Wednesday, November 11, 1998



Sierra Club survey:
Visitors opposed to
Maui overpass

By Gary T. Kubota
Star-Bulletin

Tapa

WAILUKU -- An opinion survey of visitors to Maui shows there's little support for a proposed cloverleaf overpass above Hana Highway near the Kahului Airport, according to the Sierra Club on Maui.

Club official Lucienne de Naie said about three-fourths of those responding to the visitor preference survey said the proposed four-lane road was "too urban" and would detract from the Maui experience.

"The majority of people said this is not what we come to see," de Naie said.

"I think it's (the overpass) really going to turn people off."

The results of the survey of 1,000 visitors, conducted by Sierra Club volunteers, were released during a news conference yesterday.

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De Naie said the survey was conducted by Jeff Mangel, an environmental scientist with a master's degree from the State University of New York's College of Environmental Science and Forestry.

State highways official Robert Siarot said the proposed cloverleaf overpass, located in the vicinity of Pulehu Road, is still in the design stage, and that talks are taking place between state highway and airport officials.

"It's not finalized yet. It hasn't been decided on," Siarot said.

Siarot said before a decision is made, a public hearing will be held about the proposed land use.

Ernest Kurosawa, the state airports engineering program manager, said traffic studies included in an airport master plan indicate a need for an interchange.

If approved, the four-lane interchange and highway from the airport to Puunene is expected to cost an estimated $58 million, Kurosawa said.

The first phase of construction would be completed by July 2001.

The Sierra Club survey included eight questions and focused on finding out what visitors find most attractive about Maui.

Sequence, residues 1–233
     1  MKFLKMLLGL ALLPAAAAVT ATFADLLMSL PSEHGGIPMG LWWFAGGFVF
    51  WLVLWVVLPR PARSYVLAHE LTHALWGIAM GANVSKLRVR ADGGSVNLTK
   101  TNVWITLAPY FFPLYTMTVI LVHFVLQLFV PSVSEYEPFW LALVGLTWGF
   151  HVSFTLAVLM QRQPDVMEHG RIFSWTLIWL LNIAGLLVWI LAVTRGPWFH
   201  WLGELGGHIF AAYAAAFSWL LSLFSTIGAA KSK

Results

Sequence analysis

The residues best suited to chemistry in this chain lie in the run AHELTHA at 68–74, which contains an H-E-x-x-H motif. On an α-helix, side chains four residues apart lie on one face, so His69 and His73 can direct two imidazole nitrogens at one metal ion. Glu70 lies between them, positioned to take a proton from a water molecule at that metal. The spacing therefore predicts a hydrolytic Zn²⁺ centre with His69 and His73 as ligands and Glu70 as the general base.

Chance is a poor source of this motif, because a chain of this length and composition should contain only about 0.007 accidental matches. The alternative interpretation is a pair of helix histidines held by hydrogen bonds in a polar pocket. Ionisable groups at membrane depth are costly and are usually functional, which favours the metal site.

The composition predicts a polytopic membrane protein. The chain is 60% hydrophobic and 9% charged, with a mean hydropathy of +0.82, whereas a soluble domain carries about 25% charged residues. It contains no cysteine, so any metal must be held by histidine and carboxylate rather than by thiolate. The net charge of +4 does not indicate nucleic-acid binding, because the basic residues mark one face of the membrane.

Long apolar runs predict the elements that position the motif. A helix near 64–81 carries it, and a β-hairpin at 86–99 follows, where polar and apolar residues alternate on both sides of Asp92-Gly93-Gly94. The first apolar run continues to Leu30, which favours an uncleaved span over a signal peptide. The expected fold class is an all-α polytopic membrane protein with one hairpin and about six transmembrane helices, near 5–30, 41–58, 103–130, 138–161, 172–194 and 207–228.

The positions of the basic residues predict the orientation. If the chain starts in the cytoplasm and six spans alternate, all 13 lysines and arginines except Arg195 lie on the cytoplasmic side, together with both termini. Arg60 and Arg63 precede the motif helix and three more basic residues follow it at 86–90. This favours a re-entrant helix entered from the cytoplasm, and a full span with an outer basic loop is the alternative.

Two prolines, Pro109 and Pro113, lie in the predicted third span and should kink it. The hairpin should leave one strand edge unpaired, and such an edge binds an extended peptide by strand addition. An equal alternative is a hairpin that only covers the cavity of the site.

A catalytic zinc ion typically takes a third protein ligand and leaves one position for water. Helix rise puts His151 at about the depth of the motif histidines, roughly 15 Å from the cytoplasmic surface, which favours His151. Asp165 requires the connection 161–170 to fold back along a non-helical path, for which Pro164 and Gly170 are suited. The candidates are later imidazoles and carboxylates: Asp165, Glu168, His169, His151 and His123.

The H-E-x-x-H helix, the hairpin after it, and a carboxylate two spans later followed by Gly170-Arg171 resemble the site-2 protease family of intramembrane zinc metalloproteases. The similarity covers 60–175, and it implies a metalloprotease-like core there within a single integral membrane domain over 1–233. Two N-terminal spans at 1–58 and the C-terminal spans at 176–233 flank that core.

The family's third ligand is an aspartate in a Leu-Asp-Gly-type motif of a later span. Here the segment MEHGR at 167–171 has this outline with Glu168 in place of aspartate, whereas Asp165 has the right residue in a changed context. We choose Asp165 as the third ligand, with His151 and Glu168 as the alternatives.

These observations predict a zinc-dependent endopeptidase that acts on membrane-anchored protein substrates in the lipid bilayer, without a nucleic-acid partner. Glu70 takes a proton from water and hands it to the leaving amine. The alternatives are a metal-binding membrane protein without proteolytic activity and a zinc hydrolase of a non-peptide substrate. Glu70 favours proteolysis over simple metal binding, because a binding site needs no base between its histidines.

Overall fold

De Naie said the survey found 81 percent of the visitors are willing to contribute $1 a day in addition to their room rates to preserve Maui's natural areas, coastline and Hawaiian cultural sites.

De Naie said 79 percent of the visitors felt more tourists would ruin the Maui experience, and only 7 percent said that there was room for more people.

She said visitors were interviewed at random at various locations, including the airport, bed and breakfast establishments, luaus, and Haleakala National Park.

De Naie said the results of the survey appear to support her group's position against expanding the runway to allow more direct overseas flights into Maui.

A coalition of groups has opposed the runway extension and has been fighting in the courts against its development, despite support for it from businesses and most state and county elected officials.

Maui Hotel Association Executive Director Terryl Vencl said the trend globally is for visitors to take shorter and more frequent vacations, which makes convenience an important factor.

She said in such a competitive environment, the runway extension would help to keep Maui's visitor industry competitive.

"If we don't move in that direction, we're going to be left in the dust," Vencl said.

Vencl said an overpass can be designed with the landscape so that it has "a sense of place."



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